Gear Bloat, Three Ways to Declutter Your Equipment

Gear Bloat, Three Ways to Declutter Your Equipment

Dan Wowak December 01, 2021

Are you suffering with high volumes of outdoor equipment? Do you tend to hide your gear around the house, under beds, in closets, and from your partner? Do you have designated rooms or even worst an entire second house dedicated to your gear? If so, you may be suffering from Excessive Equipment Gathering also known as Gear Bloat. 

But good news! Coalcracker Bushcraft has three tips to help declutter your equipment:

Sell

Selling your gear may be the first and obvious suggestion to reduce your equipment. But a good tip is to collect all those old knifes and use the funds made to buy that one piece of gear you have had your eye on. Social media market places, yard sales, and online bidding websites are simple to use and are effective for selling equipment. The important thing to remember is, this ol’knife of yours probably isn’t worth the same which you paid for it. But, let’s be real… it’s not making any money in your basement either.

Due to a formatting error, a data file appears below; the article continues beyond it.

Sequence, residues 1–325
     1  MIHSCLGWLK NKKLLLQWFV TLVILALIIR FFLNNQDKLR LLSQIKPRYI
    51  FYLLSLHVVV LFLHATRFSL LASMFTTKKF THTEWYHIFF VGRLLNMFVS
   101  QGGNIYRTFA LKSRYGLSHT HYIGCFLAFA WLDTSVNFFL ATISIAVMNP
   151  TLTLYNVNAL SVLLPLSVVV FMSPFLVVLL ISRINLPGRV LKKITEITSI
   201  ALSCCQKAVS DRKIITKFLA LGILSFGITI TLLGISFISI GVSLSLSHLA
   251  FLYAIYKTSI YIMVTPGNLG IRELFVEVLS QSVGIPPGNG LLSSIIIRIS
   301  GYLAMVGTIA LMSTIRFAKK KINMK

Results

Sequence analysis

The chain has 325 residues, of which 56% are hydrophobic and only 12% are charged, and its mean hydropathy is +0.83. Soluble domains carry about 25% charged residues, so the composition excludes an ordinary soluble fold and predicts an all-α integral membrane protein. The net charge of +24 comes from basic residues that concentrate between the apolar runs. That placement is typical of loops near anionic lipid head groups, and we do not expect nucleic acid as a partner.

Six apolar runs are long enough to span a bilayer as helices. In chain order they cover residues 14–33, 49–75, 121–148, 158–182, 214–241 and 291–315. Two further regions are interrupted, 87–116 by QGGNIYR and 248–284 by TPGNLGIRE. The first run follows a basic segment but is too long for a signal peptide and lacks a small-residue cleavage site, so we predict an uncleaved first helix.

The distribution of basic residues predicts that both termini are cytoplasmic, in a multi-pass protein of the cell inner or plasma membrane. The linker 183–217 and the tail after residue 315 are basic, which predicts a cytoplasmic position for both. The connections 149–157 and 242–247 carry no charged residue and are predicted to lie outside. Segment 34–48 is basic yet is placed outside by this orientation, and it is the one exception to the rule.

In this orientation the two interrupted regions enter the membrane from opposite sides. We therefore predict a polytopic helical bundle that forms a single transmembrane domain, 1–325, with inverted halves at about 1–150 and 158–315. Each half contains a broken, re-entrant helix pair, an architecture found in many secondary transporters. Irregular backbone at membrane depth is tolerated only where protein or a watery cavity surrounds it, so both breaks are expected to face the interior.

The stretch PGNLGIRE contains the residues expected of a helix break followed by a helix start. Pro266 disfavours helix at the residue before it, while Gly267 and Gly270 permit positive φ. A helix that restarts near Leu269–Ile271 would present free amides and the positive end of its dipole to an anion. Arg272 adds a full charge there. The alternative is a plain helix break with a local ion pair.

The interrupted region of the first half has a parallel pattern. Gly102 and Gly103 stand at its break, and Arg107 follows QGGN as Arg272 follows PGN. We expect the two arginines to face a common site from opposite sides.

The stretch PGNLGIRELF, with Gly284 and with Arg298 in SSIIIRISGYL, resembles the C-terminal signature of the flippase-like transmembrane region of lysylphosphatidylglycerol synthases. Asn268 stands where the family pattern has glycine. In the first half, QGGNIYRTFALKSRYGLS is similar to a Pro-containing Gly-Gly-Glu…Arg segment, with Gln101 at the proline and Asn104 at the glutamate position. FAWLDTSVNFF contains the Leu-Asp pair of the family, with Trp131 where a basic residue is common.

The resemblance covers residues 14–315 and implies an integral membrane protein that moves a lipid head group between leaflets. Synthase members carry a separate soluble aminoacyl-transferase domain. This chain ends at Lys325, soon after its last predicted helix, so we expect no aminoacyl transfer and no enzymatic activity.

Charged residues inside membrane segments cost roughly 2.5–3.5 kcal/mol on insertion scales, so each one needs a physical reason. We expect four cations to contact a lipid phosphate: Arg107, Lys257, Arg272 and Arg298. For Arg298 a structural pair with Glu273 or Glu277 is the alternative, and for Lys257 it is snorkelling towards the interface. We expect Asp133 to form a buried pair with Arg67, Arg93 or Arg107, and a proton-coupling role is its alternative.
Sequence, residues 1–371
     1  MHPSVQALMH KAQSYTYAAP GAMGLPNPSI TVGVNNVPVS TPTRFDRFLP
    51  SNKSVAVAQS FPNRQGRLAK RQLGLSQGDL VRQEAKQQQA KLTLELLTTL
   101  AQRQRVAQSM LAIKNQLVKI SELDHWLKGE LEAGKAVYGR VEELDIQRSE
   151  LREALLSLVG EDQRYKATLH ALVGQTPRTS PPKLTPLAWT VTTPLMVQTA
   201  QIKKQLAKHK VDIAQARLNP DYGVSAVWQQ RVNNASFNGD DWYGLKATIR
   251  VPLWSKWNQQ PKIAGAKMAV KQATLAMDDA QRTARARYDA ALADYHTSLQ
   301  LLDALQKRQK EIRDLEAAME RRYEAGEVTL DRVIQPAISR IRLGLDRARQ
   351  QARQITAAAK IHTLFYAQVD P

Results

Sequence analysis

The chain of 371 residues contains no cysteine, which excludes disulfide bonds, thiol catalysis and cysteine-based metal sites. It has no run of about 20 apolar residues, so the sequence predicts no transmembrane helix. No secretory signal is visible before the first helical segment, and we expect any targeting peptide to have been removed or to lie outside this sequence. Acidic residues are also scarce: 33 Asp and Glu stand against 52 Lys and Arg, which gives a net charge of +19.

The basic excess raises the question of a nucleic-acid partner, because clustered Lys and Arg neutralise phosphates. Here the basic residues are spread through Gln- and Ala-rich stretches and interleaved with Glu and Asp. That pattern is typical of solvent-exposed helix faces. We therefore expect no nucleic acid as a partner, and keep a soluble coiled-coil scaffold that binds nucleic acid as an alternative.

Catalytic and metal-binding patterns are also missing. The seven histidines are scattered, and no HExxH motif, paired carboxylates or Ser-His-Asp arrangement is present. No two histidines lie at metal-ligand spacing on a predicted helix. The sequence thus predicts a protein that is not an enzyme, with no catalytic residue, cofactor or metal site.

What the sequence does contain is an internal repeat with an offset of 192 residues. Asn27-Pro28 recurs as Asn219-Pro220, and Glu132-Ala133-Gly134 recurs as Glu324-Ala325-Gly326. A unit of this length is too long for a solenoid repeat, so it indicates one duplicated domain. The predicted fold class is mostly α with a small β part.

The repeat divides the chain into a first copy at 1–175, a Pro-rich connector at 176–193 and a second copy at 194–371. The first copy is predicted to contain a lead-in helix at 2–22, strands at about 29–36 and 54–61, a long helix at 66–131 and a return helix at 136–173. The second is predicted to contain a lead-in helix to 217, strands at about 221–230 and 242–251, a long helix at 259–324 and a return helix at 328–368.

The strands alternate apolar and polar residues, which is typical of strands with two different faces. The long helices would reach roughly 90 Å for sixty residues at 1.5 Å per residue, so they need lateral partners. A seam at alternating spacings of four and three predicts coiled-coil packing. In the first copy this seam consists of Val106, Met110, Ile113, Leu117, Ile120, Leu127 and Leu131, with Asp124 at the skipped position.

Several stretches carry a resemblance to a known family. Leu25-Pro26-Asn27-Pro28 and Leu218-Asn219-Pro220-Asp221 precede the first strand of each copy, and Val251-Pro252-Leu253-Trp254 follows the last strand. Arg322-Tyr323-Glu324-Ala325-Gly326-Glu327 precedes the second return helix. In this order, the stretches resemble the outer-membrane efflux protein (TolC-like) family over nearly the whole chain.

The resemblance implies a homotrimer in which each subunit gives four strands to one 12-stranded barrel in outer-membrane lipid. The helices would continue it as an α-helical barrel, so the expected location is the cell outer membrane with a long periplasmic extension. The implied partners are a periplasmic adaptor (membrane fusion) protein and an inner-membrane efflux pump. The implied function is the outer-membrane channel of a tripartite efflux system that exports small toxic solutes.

Trade

If you are an old school classic camper, then trading isn’t a new practice. The next time you go to any bushcraft gathering, survival seminar, mountain man rendezvous, or Coalcracker course take some of that gear you have and make friends. Building an outdoor community can create future adventures and skill sharing. Who knows, maybe you will get a better deal on a trade than trying to sell the thing.

Gift

Sometimes our equipment hold fond memories of our baby bushcraft days or survival stories. And this makes it really difficult to let go. What a better way to honor all your old gear than outfitting a friend, family, or loved one on their first outdoor adventure. Invite someone to a wilderness course and gift them all of the required equipment from your old, ragged, tired, unused gear. It might just spark the fire in someone else for the passion of the outdoors. And hey! It will give you a good laugh watching a newbie struggle like you first did. 

Buying and playing with our kit in our living room is just as fun as being in the woods. Whether you are a hunter, prepper, or bushcrafter… gear is critical to our wilderness experience. However, as we progress in our hobbies and skills our needs change for gear. Quickly, we can create a stockpile of unused equipment. Reduce that bloat so you can make room for that next new best thing.

Until you sell, trade, or gift… Stay in the woods!